The Shining becoming a romantic comedy (see here - is an extreme example, but the purpose is to illustrate that, in a trailer, you don't have to stick to the particular story that is being told within the film. You may just want to isolate a particular area within the film, which is correct for the way you want to sell the film. If it is a film particularly bad, there are ways in which you can find the best material possible to try and pull it out and make it more interesting, more sellable. On the other hand, a film could be fantastically brilliant but the story that it is telling may not be the appropriate story that you want to tell in order to sell the movie. So at that point, you have to sell the story without telling it! It then becomes a product, and you want to attract the largest audience possible so you have to think about ways in which you can manipulate it. It does not have to reach the extreme of The Shining but the point there is an opportunity for you to think outside of the course and create something that you think is appropriate for your audience.

If a trailer does not engage an audience, it has failed. It means that that viewer is not going to buy a ticket for that film nor is he going to tell his friends about it. It means that the exhibitor is probably not going to play the trailer because they will look at it and think that there is nothing about this that helps them selling the film to a potential audience, who will turn up the next week when he will put it in his cinema. If the exhibitor does not like it you have a big problem because it is not going to be seen. Yes, there is internet but the point of playing a trailer in a cinema is to make sure that all the people who are in the audience one week are going to return the following week to see that new film. So if they do not believe that that trailer is capable of conveying them a message, they are not going to play it, and if a trailer does not play, it is dead, it does not exist. So it is all about engagement. You have to have a reaction to your trailer. It may be that you do not necessarily like the trailer, you can make a good trailer that still engages but it will engage a particular type of audience. Different people have different tastes but ultimately there has to be an aim to engage a certain proportion of the public.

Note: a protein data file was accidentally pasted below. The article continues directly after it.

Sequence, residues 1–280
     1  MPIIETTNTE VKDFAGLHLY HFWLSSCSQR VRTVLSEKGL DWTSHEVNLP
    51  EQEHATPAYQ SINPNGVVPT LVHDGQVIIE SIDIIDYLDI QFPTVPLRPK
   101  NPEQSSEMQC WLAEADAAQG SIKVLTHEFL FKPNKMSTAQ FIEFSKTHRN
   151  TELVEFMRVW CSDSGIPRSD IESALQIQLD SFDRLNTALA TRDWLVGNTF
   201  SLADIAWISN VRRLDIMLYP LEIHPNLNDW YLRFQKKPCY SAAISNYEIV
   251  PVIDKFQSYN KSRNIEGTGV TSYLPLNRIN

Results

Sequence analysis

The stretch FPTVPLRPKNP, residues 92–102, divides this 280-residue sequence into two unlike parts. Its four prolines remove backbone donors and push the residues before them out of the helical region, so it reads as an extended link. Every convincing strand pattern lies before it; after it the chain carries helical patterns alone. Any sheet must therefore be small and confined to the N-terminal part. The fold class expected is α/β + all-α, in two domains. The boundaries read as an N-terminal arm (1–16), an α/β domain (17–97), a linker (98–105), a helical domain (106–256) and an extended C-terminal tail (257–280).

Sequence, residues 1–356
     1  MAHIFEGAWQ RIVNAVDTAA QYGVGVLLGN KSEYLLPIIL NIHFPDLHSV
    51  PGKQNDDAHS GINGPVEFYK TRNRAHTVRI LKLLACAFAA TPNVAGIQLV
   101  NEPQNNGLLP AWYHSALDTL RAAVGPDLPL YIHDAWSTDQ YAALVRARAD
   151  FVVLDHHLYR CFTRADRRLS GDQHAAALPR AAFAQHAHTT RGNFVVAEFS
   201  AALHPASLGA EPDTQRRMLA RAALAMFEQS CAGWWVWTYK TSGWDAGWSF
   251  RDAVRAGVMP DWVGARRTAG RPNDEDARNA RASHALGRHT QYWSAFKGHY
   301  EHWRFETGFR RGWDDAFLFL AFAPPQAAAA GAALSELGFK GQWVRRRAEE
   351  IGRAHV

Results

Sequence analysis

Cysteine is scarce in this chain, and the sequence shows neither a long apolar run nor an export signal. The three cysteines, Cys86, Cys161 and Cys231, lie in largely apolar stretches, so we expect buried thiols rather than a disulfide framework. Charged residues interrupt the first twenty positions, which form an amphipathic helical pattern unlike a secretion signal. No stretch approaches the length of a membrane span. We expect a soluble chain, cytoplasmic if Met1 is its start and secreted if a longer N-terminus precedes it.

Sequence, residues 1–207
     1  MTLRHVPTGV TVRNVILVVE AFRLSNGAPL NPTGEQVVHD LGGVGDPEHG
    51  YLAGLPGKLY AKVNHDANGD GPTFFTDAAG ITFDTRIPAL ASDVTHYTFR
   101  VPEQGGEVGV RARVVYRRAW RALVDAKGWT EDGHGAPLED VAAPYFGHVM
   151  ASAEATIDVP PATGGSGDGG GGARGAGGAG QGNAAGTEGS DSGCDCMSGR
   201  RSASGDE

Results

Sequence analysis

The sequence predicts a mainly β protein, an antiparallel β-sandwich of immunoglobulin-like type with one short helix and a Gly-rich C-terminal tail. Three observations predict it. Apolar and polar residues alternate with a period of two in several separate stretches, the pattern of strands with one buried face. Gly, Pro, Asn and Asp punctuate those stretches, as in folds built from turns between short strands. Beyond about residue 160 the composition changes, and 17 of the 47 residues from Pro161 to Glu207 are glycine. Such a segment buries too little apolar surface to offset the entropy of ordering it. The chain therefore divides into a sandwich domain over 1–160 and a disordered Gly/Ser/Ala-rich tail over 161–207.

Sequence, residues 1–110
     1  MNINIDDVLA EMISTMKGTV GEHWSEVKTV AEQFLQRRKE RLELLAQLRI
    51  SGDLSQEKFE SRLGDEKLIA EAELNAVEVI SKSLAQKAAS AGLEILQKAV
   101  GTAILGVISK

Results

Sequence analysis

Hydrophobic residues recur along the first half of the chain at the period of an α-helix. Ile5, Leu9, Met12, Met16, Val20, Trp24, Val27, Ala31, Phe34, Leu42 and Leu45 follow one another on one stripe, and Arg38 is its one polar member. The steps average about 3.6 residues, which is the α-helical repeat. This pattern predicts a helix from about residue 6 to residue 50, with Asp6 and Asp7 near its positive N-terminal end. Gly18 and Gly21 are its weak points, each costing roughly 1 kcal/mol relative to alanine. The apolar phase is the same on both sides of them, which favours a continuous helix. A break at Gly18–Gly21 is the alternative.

The main point is not to hide that it is a documentary, and whether people believe it's a documentary or not is kind of irrelevant, I think. What's important is the story and people being interested in seeing that story or not, and in a cinema particularly. You want to present that as a cinematic proposition. It has to be something that people are willing to pay money for because they can also get it on television. That is what people think about documentaries. They are also happy to sit in an audience for an hour and a half, two hours and experience this story. The trailer does not necessary need to state clearly that it is a documentary. You want people to engage with the chore values, the narrative, the human angle, whatever the reason for making the film in the first place.

Being close to a film may add something, even if it may sometimes be proven problematic. You could have an editor who becomes over exposed with the material just as when you have a director or a feature editor trying to create marketing material for the film. It can be problematic. The point to avoid is getting tired of it. If that happens, it is more likely that we will move on to another editor and get a fresh pair of eyes, someone who has not grown tired of it. That's the important thing, to keep it fresh, keep looking for the new way in which you could explore the story.